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Enacting a ‘token’ woman’s ideas helps male teams solve complex problems more effectively

Crystal Farh

Women who break into traditional male bastions—engineering teams, construction crews, tech startups, trading rooms, corporate boards, combat units—sometimes get tagged with the pejorative “token,” suggesting that their inclusion had more to do with appearances than aptitude.

But what happens when a woman’s ideas are actually heard and enacted by her all-male teammates?

Complex tasks get performed more effectively, according to a new study co-authored by Crystal Farh, an associate professor of management and Michael G. Foster Endowed Fellow at the University of Washington Foster School of Business.

Observations of all-male military tactical teams reveal that adding a woman consistently leads to more expedient solutions of complex problems requiring collective creative thinking—if the team acts on her ideas.

“Merely having a female on a team does not distinguish her team’s performance from that of all-male teams,” Farh says. “Rather, this woman has to speak up and, more importantly, her suggestions have to be heard and enacted.”

This expression of a minority voice, she adds, is more likely to be achieved when team leaders believe that women are as capable of contributing as their male counterparts.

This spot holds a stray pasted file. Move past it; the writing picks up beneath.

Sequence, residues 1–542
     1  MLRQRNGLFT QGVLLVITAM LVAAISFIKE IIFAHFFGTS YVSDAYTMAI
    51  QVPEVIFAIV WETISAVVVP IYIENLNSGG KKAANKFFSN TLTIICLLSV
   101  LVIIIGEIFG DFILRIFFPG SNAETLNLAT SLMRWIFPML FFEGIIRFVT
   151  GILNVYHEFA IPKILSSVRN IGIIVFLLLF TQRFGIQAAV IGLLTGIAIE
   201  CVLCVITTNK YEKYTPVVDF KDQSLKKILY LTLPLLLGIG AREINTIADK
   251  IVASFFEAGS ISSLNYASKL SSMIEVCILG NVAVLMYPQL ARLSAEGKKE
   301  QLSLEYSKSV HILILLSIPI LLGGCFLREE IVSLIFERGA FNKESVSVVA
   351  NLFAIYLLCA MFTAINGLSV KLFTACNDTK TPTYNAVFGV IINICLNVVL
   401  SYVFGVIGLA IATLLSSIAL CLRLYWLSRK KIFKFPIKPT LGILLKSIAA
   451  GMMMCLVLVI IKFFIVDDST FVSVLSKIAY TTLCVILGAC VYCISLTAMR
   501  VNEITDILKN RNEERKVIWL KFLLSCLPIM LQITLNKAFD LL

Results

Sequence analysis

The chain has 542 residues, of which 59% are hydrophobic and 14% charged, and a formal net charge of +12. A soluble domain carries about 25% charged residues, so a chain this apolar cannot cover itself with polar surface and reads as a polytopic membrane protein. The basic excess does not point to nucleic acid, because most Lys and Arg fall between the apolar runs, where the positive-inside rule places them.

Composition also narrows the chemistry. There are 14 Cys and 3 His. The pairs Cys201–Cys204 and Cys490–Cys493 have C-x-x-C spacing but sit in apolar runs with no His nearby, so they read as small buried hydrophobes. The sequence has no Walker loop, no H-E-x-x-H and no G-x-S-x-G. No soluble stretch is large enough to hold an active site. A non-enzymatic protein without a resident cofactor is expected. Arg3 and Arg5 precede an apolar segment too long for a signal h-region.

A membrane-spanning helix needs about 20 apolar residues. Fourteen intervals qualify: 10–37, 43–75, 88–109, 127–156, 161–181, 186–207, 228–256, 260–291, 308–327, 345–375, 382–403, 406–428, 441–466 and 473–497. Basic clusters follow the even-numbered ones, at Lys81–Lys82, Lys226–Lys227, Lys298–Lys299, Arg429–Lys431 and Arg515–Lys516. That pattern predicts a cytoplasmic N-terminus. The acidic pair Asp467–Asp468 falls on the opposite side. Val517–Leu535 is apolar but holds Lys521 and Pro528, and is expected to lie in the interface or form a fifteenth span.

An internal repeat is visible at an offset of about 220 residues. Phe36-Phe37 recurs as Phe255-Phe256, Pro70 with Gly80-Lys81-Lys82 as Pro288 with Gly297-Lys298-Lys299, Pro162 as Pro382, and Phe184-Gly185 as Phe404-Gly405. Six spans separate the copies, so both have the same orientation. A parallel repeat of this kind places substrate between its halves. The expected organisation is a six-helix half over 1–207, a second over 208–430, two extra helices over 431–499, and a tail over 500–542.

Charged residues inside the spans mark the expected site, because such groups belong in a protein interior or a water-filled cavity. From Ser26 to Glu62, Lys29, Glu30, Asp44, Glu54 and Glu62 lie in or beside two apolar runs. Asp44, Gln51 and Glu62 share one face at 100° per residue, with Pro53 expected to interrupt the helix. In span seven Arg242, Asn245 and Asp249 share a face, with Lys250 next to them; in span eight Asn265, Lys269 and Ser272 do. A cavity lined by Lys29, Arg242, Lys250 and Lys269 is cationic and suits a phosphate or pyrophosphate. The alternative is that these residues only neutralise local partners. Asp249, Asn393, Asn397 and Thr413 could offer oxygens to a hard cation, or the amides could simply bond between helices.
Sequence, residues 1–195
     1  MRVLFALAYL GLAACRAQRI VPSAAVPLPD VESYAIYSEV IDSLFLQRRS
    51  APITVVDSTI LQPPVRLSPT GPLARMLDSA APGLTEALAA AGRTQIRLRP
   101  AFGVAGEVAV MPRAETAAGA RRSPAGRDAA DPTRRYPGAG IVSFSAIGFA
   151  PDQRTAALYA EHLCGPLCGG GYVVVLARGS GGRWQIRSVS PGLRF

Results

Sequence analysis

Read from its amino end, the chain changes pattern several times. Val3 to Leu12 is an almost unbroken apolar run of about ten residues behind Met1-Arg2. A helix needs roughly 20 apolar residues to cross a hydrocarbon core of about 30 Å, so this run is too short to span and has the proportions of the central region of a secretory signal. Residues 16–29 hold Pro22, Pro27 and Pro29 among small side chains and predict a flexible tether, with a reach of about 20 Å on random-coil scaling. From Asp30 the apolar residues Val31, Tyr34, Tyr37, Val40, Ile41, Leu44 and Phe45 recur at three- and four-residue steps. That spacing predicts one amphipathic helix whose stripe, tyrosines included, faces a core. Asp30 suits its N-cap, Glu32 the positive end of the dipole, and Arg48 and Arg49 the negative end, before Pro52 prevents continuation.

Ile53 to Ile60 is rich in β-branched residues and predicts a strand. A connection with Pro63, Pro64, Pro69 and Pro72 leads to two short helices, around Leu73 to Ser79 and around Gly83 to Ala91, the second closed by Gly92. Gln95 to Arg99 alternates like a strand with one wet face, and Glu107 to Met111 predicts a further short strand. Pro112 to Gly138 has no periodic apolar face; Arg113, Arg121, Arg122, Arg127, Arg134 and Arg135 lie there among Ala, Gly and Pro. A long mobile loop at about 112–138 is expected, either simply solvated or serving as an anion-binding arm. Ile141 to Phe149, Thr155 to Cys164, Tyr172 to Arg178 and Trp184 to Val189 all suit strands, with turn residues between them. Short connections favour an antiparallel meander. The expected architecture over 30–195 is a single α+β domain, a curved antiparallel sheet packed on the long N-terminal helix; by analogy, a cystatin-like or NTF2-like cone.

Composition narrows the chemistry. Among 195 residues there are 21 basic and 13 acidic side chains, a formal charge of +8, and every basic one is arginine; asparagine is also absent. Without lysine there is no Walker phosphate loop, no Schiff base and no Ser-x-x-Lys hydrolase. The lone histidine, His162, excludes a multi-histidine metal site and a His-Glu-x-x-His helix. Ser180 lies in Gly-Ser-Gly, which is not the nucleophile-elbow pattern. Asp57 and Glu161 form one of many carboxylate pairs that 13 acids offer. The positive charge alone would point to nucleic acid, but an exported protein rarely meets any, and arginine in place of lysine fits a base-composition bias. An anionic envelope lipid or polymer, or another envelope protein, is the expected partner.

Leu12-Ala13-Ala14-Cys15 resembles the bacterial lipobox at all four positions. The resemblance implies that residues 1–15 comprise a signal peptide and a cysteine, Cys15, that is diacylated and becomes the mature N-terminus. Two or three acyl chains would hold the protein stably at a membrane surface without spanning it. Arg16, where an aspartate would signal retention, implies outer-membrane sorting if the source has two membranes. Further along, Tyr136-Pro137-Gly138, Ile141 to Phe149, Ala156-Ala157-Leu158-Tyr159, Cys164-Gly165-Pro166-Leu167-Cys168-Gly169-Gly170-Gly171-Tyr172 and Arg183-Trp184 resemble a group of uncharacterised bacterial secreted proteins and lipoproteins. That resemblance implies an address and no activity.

Token ­­­­______

Organizations across industries are paying increasing attention to diversity and inclusion in their workforces. This trend is not only in service to the virtue of demographic equity. It’s also an attempt to unlock some measurable benefits: a growing body of research shows that diversity can improve performance and boost the bottom line.

But diversity, by itself, is not a panacea.

“Getting diversity into teams doesn’t make things happen magically,” says Farh, an expert in employee voice. “A lot of things have to fall into place to actually capitalize on diversity. And there are many threats, such as a negative stereotype or evaluation, which can cause individuals who are different from their teammates to either not speak up or not be heard if they do.”

This results in a vicious cycle and the pointless exercise of tokenism: representation without participation (or, put another way, diversity without inclusion).

Establishing attitude

Farh wanted to learn what happens when a vastly underrepresented minority team member does speak up and her ideas are enacted. To find out, she collaborated with Jo Oh of the University of Connecticut, John Hollenbeck of Michigan State University, Andrew Yu of the University of Melbourne, Stephanie Lee of Baylor University and Danielle King of Rice University.

The researchers set their study in an archetypal male milieu: U.S. Marine Corps combat units.

They randomly divided active duty male and female Marines into small tactical teams. Some were composed entirely of males. Others included a lone female.

Step one was a survey benchmarking team leaders’ attitudes toward women in the military on three dimensions: leadership capability, physical strength, and combat readiness.

“If these prototypical characteristics that are considered essential in the Marine Corps can be decoupled from gender, then we see a greater probability of token women having a viable voice,” Farh says.

Complex vs. simple

This was demonstrated in the next phase of the study, in which each team was asked to perform a series of collaborative tasks.